How to Help Your Older Cat Deal With Aging
Published on May 17, 2015
While humans have to be well into our 60s to achieve senior citizen status, in cats the magic number is debatable, but likely somewhere between 11 and 14. Like humans, cats may experience health and behavior issues due to aging.
What to ExpectFirst and foremost, report any behavioral changes to your veterinarian. Many medical problems can resemble behavioral ones, so the best approach is to rule out medical issues first. That means taking a trip to the vet for your cat, and possibly some diagnostic testing to investigate her new behavior. That said, there are some changes that are expected as cats age. For example, most cats naturally become less active and less playful. They may even groom themselves less often and less thoroughly. Sometimes, they even eat less enthusiastically. While these may be normal aspects of aging, they can also be signs of disease, so it’s important to discuss these changes with your veterinarian as soon as you notice them occurring.
- Loss of litterbox training. The most common reason older cats are seen by veterinary behaviorists is loss of litterbox training. It can be caused or influenced by medical conditions such as brain tumors, sensory problems, neuromuscular or joint conditions (which decrease mobility), any disease that increases the cat’s need to eliminate or diseases that decrease bladder or bowel control. It can also result from cognitive dysfunction (see below). If a medical condition is not to blame for your cat’s loss of litterbox training, you can simply try increasing the availability of litterboxes in your house, making sure to have at least one on every floor. Don’t move existing boxes (unless accessibility is a problem); add to them. Use boxes with low sides that don’t require the cat to jump up on counters or into tubs.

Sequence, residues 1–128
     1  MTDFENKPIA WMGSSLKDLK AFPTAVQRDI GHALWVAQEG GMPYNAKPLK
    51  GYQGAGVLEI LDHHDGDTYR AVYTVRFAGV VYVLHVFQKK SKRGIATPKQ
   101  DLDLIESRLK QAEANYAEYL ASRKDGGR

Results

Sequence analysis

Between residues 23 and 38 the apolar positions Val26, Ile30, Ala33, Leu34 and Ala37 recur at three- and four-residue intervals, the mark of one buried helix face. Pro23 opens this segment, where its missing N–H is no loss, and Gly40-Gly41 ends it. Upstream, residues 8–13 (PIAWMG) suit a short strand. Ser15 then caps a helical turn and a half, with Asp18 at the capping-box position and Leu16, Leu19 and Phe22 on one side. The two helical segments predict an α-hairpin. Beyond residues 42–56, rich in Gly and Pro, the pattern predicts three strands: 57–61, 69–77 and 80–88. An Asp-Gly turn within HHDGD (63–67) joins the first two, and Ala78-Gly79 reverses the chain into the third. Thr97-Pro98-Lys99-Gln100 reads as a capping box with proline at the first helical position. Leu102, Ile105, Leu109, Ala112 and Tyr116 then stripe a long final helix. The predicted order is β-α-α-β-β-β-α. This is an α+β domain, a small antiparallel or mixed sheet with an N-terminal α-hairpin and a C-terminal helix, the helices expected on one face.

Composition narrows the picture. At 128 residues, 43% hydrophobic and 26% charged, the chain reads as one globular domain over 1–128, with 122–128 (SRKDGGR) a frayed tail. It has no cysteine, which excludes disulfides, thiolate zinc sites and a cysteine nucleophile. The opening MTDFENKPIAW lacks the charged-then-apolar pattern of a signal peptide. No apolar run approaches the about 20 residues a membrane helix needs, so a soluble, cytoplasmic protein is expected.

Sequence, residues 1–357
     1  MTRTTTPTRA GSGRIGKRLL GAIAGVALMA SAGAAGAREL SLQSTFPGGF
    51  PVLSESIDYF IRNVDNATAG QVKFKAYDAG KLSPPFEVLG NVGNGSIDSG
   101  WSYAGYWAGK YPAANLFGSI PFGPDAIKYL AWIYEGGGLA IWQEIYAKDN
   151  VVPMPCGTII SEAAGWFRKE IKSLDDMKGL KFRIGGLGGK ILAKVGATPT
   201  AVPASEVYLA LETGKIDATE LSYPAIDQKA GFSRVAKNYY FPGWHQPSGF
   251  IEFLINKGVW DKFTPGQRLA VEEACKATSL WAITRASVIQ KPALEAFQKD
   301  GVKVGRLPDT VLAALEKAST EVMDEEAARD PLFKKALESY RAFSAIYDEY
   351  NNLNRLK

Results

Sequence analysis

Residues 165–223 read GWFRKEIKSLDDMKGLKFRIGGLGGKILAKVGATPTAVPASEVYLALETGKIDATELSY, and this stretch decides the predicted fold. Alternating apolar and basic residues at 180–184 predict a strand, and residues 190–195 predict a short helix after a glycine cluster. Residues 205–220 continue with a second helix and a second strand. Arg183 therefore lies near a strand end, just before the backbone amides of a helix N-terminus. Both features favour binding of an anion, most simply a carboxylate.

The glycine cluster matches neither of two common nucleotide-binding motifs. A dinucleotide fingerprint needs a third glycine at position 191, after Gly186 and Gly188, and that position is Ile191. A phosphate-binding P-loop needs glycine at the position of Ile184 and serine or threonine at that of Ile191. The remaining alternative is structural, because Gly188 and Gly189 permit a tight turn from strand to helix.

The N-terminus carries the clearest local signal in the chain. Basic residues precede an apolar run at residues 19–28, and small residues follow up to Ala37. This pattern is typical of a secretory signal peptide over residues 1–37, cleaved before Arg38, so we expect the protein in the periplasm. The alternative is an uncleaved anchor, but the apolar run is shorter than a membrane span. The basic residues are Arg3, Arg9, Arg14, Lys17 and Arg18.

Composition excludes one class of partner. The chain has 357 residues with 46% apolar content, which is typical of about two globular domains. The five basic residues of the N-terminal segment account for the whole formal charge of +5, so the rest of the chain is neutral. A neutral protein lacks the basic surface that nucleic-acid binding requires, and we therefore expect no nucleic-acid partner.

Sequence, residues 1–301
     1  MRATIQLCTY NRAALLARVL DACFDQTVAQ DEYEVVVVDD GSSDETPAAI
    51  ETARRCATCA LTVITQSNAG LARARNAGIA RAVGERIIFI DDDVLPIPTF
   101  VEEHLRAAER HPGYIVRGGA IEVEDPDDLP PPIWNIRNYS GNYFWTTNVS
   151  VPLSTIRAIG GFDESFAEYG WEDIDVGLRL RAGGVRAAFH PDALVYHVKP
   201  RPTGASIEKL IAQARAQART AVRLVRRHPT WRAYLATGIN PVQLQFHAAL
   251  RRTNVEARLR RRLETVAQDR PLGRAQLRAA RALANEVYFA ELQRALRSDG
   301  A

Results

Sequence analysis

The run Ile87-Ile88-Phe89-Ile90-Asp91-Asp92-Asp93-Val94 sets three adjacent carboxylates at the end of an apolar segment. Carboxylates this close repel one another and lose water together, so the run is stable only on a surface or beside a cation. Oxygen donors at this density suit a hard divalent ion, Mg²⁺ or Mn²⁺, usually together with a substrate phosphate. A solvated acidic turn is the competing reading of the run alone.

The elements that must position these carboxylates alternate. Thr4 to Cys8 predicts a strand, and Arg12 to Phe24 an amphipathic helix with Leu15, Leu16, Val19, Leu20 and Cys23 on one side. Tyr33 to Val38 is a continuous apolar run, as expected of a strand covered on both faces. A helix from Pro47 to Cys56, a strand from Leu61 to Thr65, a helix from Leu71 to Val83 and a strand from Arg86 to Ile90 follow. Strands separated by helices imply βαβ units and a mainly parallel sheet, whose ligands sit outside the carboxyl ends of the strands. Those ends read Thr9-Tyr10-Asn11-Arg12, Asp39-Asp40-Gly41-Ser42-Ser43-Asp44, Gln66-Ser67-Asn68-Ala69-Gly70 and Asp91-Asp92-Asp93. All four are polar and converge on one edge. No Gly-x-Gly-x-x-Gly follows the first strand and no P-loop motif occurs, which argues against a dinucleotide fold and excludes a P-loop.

- Cognitive dysfunction. Sometimes compared to human Alzheimer’s disease, cognitive dysfunction is periodically seen in older cats (and, as mentioned above, can be responsible for loss of house-training in many). As cats age, they are more likely to be affected. Signs of cognitive dysfunction include disorientation (wandering and appearing lost or confused at times, failing to recognize family members); reduced social interactions (losing interest in greeting or interacting with people or other pets); sleep-wake cycle disruptions (sleeping more during the day but staying awake at night, often wandering and meowing); and house-training loss (seeming to forget the litterbox location).
- Sensory loss. Older cats, like older people, may experience sensory loss. Fortunately, cats deal well with these changes — better, in fact, than most people. Frequently, hearing is the first sense lost in an older cat. Your cat’s ability to hear high-pitched sounds usually goes first, so try to call out in a lower tone. Deaf cats can learn to respond to your hand signals or movements, such as thumping on the floor.
What to Do
- Ask your veterinarian about environmental modifications, medications or other options for managing cats with cognitive dysfunction.
- Try to interact with your older cat, enticing her to play short games or sit for grooming. Mental and social stimulation may help keep her mentally fit.
- Never assume a change in your cat’s behavior is just due to old age. Many of her changes may be based in health problems: a cat in pain may become more antisocial or aggressive; a cat with a medical condition (such as kidney disease, diabetes or hyperthyroidism) may urinate more or may not use her litterbox because it’s either overly soiled or too hard to reach in time; a cat with arthritis may be less apt to use a litterbox that requires her to jump to reach it.
- Always see your veterinarian rather than deciding there is nothing you can do about it. You won’t be able to bring your cat back to kittenhood, but you may be able to help keep her happier, healthier and more comfortable long into her senior years.